No Statistical Significance Exists Between ADHD Medication Use and CVD Risk

Researchers did not detect any difference in the cardiovascular risk between stimulant and nonstimulant ADHD medication use.

No statistically significant association exists between attention-deficit/hyperactivity disorder (ADHD) medication use and the risk for cardiovascular disease (CVD) among any age group, according to study findings published in the Journal of the American Medical Association Network Open.

Researchers sourced data from the Embase, PsycINFO, PubMed, and Web of Science databases up to May 1, 2022. They found 19 observational studies published between 2007 and 2021 that included more than 3.9 million participants (39.1% women/girls) and examined the association between ADHD medications and CVD risks.

Data was extracted by independent reviewers and pooled using random-effects models. Study quality was assessed using the Good Research for Comparative Effectiveness checklist. Of the included studies, 14 were cohort studies. Median follow-up time across all studies was 1.5 years (range, 0.25-9.5 years). Randomized clinical trials, animal research, review articles, reports, and conference abstracts were excluded, as were studies lacking a comparator group or those with abuse or misuse of ADHD medication as the exposure.

The primary outcome was any cardiovascular event (ie, heart failure, cardiac arrest, tachyarrhythmia, venous thromboembolism, hypertension, cerebrovascular disease, and ischemic heart disease). Secondary outcomes assessed the association differences by types of ADHD medication, sex, age, preexisting CVD conditions, and types of cardiovascular events.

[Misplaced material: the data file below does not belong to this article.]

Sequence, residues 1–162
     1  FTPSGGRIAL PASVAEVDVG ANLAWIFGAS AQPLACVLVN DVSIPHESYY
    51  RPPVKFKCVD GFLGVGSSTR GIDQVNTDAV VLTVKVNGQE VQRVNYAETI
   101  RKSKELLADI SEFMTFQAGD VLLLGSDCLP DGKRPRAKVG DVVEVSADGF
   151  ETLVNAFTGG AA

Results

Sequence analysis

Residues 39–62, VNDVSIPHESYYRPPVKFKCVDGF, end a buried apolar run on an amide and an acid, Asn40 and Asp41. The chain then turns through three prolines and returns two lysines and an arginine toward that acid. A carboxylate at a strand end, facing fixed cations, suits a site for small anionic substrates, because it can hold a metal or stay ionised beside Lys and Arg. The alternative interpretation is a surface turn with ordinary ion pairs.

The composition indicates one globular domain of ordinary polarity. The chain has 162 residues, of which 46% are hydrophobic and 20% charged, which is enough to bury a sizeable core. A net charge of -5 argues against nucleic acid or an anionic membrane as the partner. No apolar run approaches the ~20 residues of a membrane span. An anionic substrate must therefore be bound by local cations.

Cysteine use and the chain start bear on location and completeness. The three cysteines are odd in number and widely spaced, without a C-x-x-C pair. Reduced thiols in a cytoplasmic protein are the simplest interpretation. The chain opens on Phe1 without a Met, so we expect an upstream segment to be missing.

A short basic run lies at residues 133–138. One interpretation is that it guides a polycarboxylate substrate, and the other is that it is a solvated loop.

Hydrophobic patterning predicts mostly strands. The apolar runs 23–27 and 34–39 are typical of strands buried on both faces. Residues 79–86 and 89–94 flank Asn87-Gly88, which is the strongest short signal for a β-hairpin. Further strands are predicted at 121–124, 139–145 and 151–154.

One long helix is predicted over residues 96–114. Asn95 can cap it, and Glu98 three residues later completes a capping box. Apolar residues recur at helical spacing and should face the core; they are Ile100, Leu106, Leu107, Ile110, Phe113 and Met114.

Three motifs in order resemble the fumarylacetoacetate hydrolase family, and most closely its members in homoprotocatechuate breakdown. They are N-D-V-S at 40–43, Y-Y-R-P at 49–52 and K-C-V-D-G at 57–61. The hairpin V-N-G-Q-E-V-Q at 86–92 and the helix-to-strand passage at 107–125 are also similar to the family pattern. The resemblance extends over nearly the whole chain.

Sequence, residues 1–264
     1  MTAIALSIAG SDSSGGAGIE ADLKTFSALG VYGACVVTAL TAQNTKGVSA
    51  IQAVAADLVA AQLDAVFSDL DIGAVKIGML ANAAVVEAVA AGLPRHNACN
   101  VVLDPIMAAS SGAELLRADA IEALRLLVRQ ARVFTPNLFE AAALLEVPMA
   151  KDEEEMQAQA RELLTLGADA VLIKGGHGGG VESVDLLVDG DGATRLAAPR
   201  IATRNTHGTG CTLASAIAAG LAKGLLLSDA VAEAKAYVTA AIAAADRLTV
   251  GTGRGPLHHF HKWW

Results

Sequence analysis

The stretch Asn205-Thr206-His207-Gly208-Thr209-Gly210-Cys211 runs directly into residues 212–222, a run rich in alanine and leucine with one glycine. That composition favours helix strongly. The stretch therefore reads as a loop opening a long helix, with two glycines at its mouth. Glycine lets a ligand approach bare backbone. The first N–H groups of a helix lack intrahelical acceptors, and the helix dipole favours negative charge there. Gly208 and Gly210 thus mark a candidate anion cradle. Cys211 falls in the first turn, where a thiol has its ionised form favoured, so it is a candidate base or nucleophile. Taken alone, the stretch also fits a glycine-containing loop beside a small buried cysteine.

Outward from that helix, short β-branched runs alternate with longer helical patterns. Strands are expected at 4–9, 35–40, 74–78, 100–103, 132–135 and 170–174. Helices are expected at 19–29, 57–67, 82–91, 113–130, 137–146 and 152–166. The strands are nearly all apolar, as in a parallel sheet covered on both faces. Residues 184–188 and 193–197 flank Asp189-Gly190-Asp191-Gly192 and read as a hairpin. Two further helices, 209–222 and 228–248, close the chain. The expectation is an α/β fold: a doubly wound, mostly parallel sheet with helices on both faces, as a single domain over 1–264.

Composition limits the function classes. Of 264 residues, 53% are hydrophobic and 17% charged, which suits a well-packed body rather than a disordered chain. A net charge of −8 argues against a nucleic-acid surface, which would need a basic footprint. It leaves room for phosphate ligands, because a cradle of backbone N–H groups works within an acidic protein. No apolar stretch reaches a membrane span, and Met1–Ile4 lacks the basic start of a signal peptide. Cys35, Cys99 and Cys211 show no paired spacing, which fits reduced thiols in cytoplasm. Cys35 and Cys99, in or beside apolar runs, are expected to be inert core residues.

[T]his meta-analysis suggested no statistically significant association between ADHD medication use and the risk of any cardiovascular events across age groups…

Researchers found the pooled adjusted relative risk (RR) showed no significant association between ADHD medication use and any CVD among older adults (RR, 1.59; 95% CI, 0.62-4.05), young or middle-aged adults (RR, 1.04; 95% CI, 0.43-2.48), or children and adolescents (RR, 1.18; 95% CI, 0.91-1.53).

There were no statistically significant associations for stimulants (RR, 1.24; 95% CI, 0.84-1.83) or nonstimulants (RR, 1.22; 95% CI, 0.25-5.97).

No statistically significant association related to cerebrovascular diseases (RR, 0.91; 95% CI, 0.72-1.15), myocardial infarction (RR, 1.06; 95% CI, 0.68-1.65), or cardiac arrest or arrhythmias (RR, 1.60; 95% CI, 0.94-2.72) was found.

Researchers found no associations with any CVD in those with preexisting CVD (RR, 1.31; 95% CI, 0.80-2.16) or in those with no history of CVD (RR, 0.99; 95% CI, 0.73-1.33), or in patients who are women (RR, 1.88; 95% CI, 0.43-8.24), or in patients who are men (RR, 1.08; 95% CI, 0.32-3.67).

Between-study heterogeneity was high and significant (Cochran Q=292.7; P <.001; I2= 93.2%), other than the analysis on cerebrovascular diseases (P-value associated with the Cochran Q statistic of heterogeneity =.14). They found no evidence of publication bias.

Limitations of the study include significant heterogeneity, the inability to compare associations with specific ADHD medications, and a lack of generalizability.

Study authors conclude, “[T]his meta-analysis suggested no statistically significant association between ADHD medication use and the risk of any cardiovascular events across age groups, although a modest risk increase could not be excluded, especially for the risk of cardiac arrest or tachyarrhythmias.”

Disclosure: Some study authors declared affiliations with biotech, pharmaceutical, and/or device companies. Please see the original reference for a full list of authors’ disclosures.

This article originally appeared on Psychiatry Advisor


Zhang L, Yao H, Li L, et al. Risk of cardiovascular diseases associated with medications used in attention-deficit/hyperactivity disorder: a systematic review and meta-analysis. JAMA Netw Open. Published online November 23, 2022. doi:10.1001/jamanetworkopen.2022.43597